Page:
A couple of winters ago we decided to go to Baja California for a few months and camp. The weather was lovely, the people were wonderful, the beaches were beautiful, but one thing was lacking: no libraries. We had brought quite a few books along with us, but eventually the children had read all of theirs. So they started to read ours. As a result, at the age of 9 and 10 they both ended up reading Roots by Alex Haley, which had 729 pages in the paperback edition. Some of it they didn’t understand, some of it upset them a bit, some of it had to be explained, but they both finished it and had new ideas about life as a result. It provided material for quite a few general knowledge sessions, like what the book meant by manhood training. Why don’t we have manhood training now? What can we do today that could be classified as manhood and womanhood training? And situations that called for extra responsibility on their part, or more than usual bravery were chances to live out these ideas.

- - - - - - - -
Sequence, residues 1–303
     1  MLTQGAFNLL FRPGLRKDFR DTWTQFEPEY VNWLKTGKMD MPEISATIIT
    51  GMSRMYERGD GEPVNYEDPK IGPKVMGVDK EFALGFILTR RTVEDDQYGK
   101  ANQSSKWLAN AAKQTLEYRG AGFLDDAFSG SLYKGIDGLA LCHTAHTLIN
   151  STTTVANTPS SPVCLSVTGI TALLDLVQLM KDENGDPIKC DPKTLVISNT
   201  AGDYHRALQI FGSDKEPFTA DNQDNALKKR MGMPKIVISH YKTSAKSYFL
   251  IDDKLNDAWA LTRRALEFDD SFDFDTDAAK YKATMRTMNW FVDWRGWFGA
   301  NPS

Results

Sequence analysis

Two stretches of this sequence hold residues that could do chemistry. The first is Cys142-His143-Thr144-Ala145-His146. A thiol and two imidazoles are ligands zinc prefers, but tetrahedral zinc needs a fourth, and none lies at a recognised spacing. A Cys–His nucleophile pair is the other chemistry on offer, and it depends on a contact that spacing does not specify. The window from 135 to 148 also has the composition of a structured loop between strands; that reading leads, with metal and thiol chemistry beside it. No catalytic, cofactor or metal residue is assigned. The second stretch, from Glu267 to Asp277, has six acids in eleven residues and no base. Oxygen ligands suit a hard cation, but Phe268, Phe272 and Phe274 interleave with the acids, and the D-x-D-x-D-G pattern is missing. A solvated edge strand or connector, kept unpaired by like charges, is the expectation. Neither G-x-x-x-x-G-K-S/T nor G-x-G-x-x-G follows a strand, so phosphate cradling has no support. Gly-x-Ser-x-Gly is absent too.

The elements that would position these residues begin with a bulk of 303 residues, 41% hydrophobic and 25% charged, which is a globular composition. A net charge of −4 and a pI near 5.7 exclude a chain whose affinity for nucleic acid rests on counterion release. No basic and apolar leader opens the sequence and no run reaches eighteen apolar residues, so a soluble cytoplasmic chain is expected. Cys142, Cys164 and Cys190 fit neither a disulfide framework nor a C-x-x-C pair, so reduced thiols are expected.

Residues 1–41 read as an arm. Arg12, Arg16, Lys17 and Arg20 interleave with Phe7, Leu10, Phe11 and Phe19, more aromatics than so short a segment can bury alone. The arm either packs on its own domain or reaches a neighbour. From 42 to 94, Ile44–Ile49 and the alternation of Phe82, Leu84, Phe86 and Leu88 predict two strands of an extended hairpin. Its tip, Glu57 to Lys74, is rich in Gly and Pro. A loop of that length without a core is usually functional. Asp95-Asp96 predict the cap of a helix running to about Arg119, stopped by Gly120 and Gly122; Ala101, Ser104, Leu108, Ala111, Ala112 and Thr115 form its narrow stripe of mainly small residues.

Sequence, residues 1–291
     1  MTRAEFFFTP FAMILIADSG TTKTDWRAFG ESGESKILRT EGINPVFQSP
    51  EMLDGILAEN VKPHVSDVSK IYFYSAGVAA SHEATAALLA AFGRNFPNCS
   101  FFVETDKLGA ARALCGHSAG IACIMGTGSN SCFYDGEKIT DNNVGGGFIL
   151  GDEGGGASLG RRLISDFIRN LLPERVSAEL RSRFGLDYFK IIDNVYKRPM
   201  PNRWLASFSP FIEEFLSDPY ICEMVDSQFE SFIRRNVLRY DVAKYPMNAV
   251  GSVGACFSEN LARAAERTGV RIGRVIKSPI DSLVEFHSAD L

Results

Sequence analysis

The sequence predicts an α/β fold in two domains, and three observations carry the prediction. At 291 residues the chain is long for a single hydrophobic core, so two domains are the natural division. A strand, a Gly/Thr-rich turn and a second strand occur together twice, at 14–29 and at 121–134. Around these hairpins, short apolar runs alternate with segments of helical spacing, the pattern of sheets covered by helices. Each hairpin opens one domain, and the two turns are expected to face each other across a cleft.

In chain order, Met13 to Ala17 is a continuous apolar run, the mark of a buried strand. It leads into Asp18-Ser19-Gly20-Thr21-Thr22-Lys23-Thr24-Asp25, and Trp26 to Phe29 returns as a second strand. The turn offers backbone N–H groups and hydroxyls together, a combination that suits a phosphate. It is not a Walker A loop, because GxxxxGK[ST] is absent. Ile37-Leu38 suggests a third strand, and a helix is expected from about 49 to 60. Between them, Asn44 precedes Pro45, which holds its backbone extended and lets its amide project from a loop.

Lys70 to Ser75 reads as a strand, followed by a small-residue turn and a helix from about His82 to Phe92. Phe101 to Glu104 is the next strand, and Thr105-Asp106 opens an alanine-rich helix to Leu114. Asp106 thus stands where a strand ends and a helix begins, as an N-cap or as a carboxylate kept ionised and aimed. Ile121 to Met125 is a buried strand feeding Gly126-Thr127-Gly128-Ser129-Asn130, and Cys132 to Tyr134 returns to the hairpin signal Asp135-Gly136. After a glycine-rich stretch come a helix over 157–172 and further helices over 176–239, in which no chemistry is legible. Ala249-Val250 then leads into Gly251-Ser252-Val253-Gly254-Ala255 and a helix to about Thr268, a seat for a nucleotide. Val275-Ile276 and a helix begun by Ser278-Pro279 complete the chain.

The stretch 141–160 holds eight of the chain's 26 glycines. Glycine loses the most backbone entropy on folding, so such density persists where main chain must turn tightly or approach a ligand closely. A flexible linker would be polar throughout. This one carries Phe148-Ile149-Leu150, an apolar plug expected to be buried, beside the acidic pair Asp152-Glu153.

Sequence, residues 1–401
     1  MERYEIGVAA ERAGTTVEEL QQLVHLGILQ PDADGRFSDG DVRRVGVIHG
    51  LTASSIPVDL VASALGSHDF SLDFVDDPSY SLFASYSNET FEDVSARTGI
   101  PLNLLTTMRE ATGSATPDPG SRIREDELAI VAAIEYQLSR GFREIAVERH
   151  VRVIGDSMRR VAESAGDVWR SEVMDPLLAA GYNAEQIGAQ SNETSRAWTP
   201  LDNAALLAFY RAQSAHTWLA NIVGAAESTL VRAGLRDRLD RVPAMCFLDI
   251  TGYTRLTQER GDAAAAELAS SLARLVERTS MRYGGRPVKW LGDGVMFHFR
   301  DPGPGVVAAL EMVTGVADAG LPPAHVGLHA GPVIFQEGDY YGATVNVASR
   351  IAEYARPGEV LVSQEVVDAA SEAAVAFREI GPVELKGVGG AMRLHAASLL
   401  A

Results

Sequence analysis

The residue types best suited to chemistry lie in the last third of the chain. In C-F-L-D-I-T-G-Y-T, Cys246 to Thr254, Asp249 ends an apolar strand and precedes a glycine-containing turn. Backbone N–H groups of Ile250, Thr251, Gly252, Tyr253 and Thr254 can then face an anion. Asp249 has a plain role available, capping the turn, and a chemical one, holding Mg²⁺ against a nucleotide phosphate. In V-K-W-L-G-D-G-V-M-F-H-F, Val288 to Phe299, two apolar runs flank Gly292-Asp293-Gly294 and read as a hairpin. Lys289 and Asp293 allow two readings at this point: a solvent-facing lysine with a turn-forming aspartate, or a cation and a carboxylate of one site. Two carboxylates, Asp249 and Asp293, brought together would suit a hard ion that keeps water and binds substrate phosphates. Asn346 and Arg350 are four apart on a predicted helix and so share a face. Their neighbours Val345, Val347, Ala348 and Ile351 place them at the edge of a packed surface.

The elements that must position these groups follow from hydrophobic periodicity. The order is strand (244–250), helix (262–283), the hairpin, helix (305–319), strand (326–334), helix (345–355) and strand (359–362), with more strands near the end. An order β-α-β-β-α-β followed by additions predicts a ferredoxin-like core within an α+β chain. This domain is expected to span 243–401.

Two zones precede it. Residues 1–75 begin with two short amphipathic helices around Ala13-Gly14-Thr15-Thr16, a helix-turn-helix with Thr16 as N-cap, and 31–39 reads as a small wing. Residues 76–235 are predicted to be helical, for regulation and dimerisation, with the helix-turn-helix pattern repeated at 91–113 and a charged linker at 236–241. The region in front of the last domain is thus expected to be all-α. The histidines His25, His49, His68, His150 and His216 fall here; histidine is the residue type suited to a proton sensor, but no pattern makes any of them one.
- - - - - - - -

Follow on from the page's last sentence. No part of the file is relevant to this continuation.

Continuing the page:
We do not give tests to our children. To test them would be to numerically point out "I’m smarter than you are," which is not the idea we want to teach at all. They sometimes ask for "quizzes," like who can find Tunisia on the globe, and the only reason they do it is because it’s fun and it stimulates them. They can see for themselves that they are improving, have a better grasp of what they are doing, and feel stronger inside themselves. What more could we want than a child’s face suddenly glowing with the thrill of a new connection or a new insight? That’s real education.

Sometimes I think that teaching is like piling little sticks of kindling next to the child’s mind, but the child alone can provide the spark which sets it all aflame. But when it happens it is awe-inspiring. Education is cumulative, and when all the lessons and feelings suddenly come together for him and make sense, when he can draw his own conclusions and invoke his own brand of wisdom, that is education, not test scores.